We do love Christmas plants around the house during the festive season. Particularly festive is the Poinsettia brightening the dark winter evenings and adding that splash of Christmas colour. It just would not be Christmas without poinsettias! You may be surprised to hear we have them in our homes and we often receive the comment from family “I can’t believe that you of all people have Poinsettias out around your pets, knowing that they can be poisonous.”And this is where we can assure, and our guests, that poinsettias are very over-rated as a toxicity. Their ability to truly result in toxicity has long ago been hybridized away. Worst case scenario with ingestion of this colourful plant is oral and gastrointestinal upset, and in most cases it is mild and relatively limited. If the milky sap is exposed to skin, dermal irritation (including redness, swelling, and itchiness) may develop. Rarely, eye exposure can result in a mild conjunctivitis (“pink eye” secondary to inflammation). Signs are self-limiting and generally don’t require medical treatment unless severe.
To be on the safe side, keep your Mistletoe out of reach of your dogs in the holidays and if you suspect your pet has ingested mistletoe, contact us at the practice.
Holly also can cause vomiting, diarrhoea and depression but again, these are generally mild.
If ingested, most pets lip smack, drool, and head shake excessively due to the mechanical injury from the spiny leaves.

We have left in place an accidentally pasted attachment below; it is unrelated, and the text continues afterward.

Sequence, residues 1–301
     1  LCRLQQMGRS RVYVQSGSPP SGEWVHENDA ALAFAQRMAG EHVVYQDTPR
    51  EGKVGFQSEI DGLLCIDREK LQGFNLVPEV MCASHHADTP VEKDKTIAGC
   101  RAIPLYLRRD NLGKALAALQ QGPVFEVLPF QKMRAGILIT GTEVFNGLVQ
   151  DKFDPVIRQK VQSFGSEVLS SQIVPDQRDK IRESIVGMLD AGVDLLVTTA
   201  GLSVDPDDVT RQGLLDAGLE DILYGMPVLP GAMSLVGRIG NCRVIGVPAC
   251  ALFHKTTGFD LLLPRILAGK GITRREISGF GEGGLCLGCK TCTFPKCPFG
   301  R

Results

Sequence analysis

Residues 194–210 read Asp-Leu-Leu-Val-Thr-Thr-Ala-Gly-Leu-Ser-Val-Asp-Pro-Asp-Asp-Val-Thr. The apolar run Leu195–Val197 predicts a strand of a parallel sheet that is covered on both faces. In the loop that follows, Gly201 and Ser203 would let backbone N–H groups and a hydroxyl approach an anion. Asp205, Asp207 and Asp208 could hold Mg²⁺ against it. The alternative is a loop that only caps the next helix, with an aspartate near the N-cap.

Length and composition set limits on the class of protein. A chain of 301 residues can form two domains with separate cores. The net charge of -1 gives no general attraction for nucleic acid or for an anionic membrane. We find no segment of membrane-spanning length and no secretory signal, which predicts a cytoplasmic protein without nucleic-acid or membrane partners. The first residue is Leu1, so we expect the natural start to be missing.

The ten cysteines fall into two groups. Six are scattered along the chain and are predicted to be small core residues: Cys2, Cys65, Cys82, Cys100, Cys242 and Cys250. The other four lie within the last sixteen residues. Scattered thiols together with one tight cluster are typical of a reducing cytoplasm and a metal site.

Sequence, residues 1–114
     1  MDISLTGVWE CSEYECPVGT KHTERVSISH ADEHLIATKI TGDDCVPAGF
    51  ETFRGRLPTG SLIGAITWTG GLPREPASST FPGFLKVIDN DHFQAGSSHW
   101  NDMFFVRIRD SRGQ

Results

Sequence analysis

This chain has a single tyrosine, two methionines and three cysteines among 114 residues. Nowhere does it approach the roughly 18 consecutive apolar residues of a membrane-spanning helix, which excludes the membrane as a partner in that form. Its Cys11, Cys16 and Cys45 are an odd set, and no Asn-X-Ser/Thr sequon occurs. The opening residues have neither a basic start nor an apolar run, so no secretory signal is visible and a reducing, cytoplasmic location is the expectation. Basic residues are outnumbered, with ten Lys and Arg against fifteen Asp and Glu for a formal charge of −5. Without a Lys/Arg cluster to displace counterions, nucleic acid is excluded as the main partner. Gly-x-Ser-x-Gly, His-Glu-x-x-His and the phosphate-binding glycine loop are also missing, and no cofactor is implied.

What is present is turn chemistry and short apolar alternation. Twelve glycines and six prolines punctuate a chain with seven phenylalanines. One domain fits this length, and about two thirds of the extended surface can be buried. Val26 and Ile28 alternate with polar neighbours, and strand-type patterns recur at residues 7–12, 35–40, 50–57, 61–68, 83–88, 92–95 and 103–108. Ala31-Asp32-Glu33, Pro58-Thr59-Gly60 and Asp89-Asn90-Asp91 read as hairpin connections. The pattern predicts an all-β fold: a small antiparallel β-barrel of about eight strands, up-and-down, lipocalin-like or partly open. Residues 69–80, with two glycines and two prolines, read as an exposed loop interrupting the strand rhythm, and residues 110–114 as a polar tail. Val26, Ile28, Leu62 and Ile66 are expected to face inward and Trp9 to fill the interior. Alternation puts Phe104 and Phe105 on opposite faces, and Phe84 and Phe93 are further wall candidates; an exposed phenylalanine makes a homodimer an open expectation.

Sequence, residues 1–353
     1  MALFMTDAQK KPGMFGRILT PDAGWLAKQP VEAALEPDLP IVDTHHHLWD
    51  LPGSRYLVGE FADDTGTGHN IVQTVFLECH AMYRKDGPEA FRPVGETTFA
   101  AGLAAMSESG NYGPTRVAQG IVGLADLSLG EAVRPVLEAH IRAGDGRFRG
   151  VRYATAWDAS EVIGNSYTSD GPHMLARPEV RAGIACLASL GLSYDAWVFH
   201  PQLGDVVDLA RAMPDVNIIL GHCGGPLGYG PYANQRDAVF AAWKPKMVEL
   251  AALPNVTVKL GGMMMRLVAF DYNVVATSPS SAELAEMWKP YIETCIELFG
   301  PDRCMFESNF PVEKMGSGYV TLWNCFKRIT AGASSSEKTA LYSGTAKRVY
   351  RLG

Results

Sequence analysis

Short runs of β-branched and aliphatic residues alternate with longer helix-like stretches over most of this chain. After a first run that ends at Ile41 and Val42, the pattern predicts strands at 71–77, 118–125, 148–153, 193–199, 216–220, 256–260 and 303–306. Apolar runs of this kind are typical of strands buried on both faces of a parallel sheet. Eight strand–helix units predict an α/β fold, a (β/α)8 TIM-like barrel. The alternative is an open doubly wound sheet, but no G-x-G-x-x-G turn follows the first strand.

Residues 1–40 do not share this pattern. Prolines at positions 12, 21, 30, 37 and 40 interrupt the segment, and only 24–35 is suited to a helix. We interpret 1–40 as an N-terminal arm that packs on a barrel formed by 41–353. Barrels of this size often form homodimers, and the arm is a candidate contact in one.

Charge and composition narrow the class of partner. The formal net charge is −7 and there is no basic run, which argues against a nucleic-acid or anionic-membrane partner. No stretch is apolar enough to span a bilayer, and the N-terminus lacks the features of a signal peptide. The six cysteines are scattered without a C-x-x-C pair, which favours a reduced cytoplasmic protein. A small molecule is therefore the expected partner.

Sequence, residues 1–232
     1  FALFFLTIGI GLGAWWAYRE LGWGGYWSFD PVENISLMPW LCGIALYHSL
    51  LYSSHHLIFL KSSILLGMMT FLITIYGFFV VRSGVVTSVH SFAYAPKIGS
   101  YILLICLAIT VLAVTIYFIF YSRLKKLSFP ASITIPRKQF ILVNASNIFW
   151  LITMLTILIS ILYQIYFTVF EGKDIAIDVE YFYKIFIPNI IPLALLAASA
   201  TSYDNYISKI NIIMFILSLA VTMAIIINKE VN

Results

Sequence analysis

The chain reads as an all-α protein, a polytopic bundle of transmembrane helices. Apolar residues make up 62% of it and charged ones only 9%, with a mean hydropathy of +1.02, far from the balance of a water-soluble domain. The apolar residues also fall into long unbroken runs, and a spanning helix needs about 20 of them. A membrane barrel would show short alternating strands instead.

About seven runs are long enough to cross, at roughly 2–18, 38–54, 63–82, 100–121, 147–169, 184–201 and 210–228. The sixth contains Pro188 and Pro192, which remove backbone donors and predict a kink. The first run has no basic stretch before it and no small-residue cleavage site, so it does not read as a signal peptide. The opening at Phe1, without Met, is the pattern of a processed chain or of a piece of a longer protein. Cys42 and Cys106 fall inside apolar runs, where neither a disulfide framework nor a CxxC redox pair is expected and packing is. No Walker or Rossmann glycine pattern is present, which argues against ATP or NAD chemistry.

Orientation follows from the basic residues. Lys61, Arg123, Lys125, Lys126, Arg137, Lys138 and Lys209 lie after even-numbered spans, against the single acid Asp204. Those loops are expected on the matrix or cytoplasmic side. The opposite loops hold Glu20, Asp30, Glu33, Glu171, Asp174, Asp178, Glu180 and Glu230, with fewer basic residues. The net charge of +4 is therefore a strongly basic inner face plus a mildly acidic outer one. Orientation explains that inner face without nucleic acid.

Lilies are often received as in a Christmas bouquet. Our advice would be to remove the Lilies, and sadly never have them in your house. These are highly toxic to pets with minor signs such as tissue irritation to the mouth, tongue, pharynx, and esophagus. Clinical signs of drooling, pawing at the mouth, foaming, and vomiting may also be seen. The more dangerous, potentially fatal Lilies are ‘True Lilies’. Examples of some of these dangerous Lilies include the Tiger, Day, Asiatic hybrid, Easter, Japanese Show, Rubrum, Stargazer, Red, Western, and Wood Lilies – all of which are highly toxic to cats! Even small ingestions (such as 2-3 petals or leaves) – even the pollen or water from the vase – can result in severe, acute kidney failure. Other types you need to be aware of include Lily of the Valley. This type does not cause kidney failure, but can cause life-threatening heart arrhythmias and death when ingested by dogs or cats.
If your cat is seen consuming any part of a Lily, bring your cat (and the plant) immediately to a practice for medical care. The sooner you bring in your cat, the better and more efficiently the Lily poisoning can be treated.
Don’t let this put you off our beautiful Festive plants. Enjoy them in your home, just select them carefully and think about ‘safe’ positions. Merry Christmas!